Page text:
Local Events

“Sea to Sky Event” – Rebuilding Hōkūalaka’i – Sept. 24

“Sea to Sky Event” – Rebuilding Hōkūalaka’i – Sept. 24

A free youth event called “Sea to Sky” will be held this weekend.  This event is designed to bring different aspects of our island together with the common purpose of rebuilding the voyaging canoe, Hōkūalaka’i.  The Hōkūalaka’i will be used for teaching purposes on Hawaiʻi Island and beyond. Hōkūalakaʻi’s home is in the same location (Palekai) that the historic Hōkūleʻa departed from on its world wide voyage. This will be the first of many “Sea to Sky” events at Palekai in Hilo.  It will be an all day event with something for everyone to enjoy.  We have invited many members of the scientific field to have fun educational learning stations available for kids and all participants will be hosted with great food and activities. The focus of the monthly events are structured to: Unite community in helping to restore the voyaging canoe, Hōkūalaka’i. Promote indigenous knowledge in science programs Increase cultural relevance Create opportunities to pursue careers in science and culture education fields The schedule for the September 24th will be: 8:00-8:30am Informal meet, setup and discuss days activities and work planned for the canoe. 8:45-9:30am ‘awa ceremony and welcome 9:30-11:30am Work on Hōkūalakaʻi, Visit Learning Stations, and Site Beautification Project 11:30-12:30pm Lunch 1:00-4:30 Paddling, Sailing, Swimming (Ocean Activities) 4:30-5:00 Closing talk and cleanup We will have “Learning Stations” and a variety of organizations joining us each week. Come down to Palekai and join in the community effort to restore Hōkūalakaʻi and help our youth learn about the science and culture that is happening on the Big Island. If you would like to setup a booth to help educate... read more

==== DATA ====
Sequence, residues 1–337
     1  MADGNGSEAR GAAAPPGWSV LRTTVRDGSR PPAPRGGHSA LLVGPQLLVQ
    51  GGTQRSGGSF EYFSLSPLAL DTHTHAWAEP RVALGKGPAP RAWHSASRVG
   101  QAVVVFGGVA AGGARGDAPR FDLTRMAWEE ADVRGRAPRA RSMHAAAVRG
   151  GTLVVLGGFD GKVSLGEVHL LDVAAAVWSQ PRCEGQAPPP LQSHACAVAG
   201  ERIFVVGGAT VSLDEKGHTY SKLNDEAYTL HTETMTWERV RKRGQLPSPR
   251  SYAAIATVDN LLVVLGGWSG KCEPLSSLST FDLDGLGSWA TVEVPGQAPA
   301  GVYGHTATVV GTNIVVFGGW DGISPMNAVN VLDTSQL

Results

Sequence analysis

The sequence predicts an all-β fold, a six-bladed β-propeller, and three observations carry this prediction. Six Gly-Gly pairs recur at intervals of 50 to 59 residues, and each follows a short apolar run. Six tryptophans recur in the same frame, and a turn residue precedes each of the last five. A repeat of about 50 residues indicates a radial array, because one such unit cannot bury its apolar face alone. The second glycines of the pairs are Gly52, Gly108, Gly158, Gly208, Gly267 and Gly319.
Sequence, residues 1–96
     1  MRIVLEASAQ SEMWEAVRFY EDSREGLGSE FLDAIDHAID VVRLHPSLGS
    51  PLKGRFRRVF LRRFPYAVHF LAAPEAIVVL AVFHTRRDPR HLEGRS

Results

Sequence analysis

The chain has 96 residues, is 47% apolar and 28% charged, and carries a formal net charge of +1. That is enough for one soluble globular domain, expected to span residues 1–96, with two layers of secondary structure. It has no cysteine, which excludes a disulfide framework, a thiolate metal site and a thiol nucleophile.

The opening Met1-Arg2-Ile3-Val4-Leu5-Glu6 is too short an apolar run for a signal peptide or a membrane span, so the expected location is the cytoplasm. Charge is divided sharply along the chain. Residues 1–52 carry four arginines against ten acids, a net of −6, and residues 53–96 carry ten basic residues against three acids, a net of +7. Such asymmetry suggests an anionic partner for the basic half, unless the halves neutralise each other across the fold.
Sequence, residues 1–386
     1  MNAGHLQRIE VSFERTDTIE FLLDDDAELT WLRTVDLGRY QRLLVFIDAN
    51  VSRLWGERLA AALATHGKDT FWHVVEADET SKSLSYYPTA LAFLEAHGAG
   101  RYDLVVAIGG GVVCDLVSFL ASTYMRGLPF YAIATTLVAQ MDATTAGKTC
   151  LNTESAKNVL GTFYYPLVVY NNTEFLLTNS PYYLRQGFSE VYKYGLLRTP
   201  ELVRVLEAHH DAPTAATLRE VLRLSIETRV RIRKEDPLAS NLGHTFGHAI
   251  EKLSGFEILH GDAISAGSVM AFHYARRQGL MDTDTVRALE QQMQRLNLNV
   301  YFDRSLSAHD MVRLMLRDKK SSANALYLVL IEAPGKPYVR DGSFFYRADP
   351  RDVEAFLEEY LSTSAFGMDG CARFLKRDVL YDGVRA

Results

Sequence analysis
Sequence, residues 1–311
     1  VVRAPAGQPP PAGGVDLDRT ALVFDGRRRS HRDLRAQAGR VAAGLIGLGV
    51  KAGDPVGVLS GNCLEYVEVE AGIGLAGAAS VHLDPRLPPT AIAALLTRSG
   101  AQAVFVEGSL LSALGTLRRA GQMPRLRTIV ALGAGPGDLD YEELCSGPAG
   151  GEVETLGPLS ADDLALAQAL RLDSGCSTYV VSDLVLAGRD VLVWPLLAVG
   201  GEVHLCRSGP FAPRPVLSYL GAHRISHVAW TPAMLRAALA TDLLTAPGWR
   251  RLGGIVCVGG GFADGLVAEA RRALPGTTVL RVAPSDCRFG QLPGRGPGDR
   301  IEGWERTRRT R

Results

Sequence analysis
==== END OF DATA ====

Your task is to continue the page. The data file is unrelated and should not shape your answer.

Gemini Portable Planetarium

Gemini Portable Planetarium

PUEO and Gemini’s StarLab The first of sevearal events with Gemini took place last week when Alexis Ann Acohido and Janice Harvey from the Gemini Telescope came to the RISE building in Keaukaha and they brought the entire universe along with them for show and tell.  Using a unique inflatable planetarium they quickly inflated their portable universe.   Once it is fully inflated the inside becomes a giant projection screen where the planetarium show takes place.  Gemini has a wide range of material for all different ages ranging from 8 to 18 years old.  Some of what they cover includes: The planets in the Solar System and our place in the universe Patterns of daily celestial motions and orbiting bodies The sequence of Moon phases and the apparent changes in the Sunʻs path through the seasons The lives of stars and the history of constellations in the context of world culture Astronomy and its importance to Hawaiians for navigation across the Pacific Follow this link to learn more about their program. The best thing about this is you can learn how to operate this planetarium and borrow it, for free along with free training, and put on your own shows for kids and have a star party. The material is easy to use and covers a wide range of subjects.  They all had a great time!  ... read more